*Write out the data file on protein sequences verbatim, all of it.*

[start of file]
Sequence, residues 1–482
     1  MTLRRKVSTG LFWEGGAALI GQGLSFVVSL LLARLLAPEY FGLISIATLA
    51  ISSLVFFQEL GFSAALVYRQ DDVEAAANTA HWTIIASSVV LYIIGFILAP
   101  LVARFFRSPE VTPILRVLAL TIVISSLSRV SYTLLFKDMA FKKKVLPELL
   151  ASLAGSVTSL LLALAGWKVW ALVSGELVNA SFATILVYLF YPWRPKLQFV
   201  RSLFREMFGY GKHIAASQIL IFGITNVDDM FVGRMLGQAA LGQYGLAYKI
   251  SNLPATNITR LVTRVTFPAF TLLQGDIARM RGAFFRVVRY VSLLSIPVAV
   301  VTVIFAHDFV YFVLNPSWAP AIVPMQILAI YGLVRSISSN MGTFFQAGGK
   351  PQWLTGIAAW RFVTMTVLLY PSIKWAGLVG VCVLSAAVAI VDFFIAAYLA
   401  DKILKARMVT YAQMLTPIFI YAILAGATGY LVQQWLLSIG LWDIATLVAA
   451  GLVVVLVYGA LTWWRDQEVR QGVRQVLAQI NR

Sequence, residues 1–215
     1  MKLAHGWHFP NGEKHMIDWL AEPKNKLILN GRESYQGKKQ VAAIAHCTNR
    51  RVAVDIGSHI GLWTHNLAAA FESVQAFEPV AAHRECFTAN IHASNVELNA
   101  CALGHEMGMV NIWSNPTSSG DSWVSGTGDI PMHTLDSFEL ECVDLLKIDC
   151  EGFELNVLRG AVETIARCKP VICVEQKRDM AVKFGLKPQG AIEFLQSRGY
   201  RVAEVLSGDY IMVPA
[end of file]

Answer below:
Sequence, residues 1–482
     1  MTLRRKVSTG LFWEGGAALI GQGLSFVVSL LLARLLAPEY FGLISIATLA
    51  ISSLVFFQEL GFSAALVYRQ DDVEAAANTA HWTIIASSVV LYIIGFILAP
   101  LVARFFRSPE VTPILRVLAL TIVISSLSRV SYTLLFKDMA FKKKVLPELL
   151  ASLAGSVTSL LLALAGWKVW ALVSGELVNA SFATILVYLF YPWRPKLQFV
   201  RSLFREMFGY GKHIAASQIL IFGITNVDDM FVGRMLGQAA LGQYGLAYKI
   251  SNLPATNITR LVTRVTFPAF TLLQGDIARM RGAFFRVVRY VSLLSIPVAV
   301  VTVIFAHDFV YFVLNPSWAP AIVPMQILAI YGLVRSISSN MGTFFQAGGK
   351  PQWLTGIAAW RFVTMTVLLY PSIKWAGLVG VCVLSAAVAI VDFFIAAYLA
   401  DKILKARMVT YAQMLTPIFI YAILAGATGY LVQQWLLSIG LWDIATLVAA
   451  GLVVVLVYGA LTWWRDQEVR QGVRQVLAQI NR

Sequence, residues 1–215
     1  MKLAHGWHFP NGEKHMIDWL AEPKNKLILN GRESYQGKKQ VAAIAHCTNR
    51  RVAVDIGSHI GLWTHNLAAA FESVQAFEPV AAHRECFTAN IHASNVELNA
   101  CALGHEMGMV NIWSNPTSSG DSWVSGTGDI PMHTLDSFEL ECVDLLKIDC
   151  EGFELNVLRG AVETIARCKP VICVEQKRDM AVKFGLKPQG AIEFLQSRGY
   201  RVAEVLSGDY IMVPA